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News / Politics / Clark County Politics

Candidates fail to file financial disclosures

No filings available for challengers to Stewart, Assessor Van Nortwick

By Jake Thomas, Columbian political reporter
Published: June 18, 2018, 6:05am

Two candidates running for public office in Clark County have failed to file papers disclosing personal financial information as required by state law.

In Washington, candidates for public office (with some exceptions) are required to file a document with the state Public Disclosure Commission that discloses their sources of income, any real estate or other assets they own, boards they sit on, as well as their creditors.

The point of requiring this disclosure is so the public can see if a candidate could potentially be in a position to steer government contracts to businesses they have a stake in, make zoning decisions that would benefit property they own, as well as other conflicts of interest.

The Columbian requested the financial disclosure forms for every candidate currently running for public office in Clark County. But the Public Disclosure Commission did not have a filing from Norbert Schlecht, an independent who is challenging Republican Clark County Assessor Peter Van Nortwick for his position. Veny Razumovsky, who is running against Republican County Councilor Jeanne Stewart with the CascadiaNow Party, also didn’t file the form.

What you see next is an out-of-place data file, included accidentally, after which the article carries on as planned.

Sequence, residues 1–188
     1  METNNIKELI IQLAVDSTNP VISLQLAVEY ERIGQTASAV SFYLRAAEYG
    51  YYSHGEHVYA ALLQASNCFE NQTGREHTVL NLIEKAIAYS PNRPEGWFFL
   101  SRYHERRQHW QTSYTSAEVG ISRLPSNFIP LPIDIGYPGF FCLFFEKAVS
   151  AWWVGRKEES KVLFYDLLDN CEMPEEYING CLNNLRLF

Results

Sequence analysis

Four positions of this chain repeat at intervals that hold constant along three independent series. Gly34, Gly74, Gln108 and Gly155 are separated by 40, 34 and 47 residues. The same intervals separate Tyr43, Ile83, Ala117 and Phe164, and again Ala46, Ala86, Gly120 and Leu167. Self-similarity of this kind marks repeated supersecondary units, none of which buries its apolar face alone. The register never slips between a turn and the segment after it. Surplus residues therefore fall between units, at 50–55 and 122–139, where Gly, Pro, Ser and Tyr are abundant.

Neither responded to multiple requests for comment.

Toby Nixon, the president of the Washington Coalition for Open Government, said in a text that the stocks or property a candidate owns might influence them just as much, or even more, than their campaign donors.

“If they’re not willing to provide this information, what are they trying to hide?” he said. “Or if they simply neglected to file the required reports, what does that tell you about how carefully they will obey the law while in office?”

Under Washington law, candidates for state, local or judicial office must file financial disclosure forms with the Public Disclosure Commission within two weeks of announcing or filing paperwork for their campaigns, taking out ads, or raising or spending money.

State regulations allow candidates who don’t file their disclosures on time some leeway. First-time violators can face a penalty of up to $150 (that they can possibly waive) if they file their disclosure forms after being contacted by the commission or explain mitigating circumstances.

If they don’t file their disclosure forms by the time their enforcement hearing is held, they could face a penalty of $250.

Columbian political reporter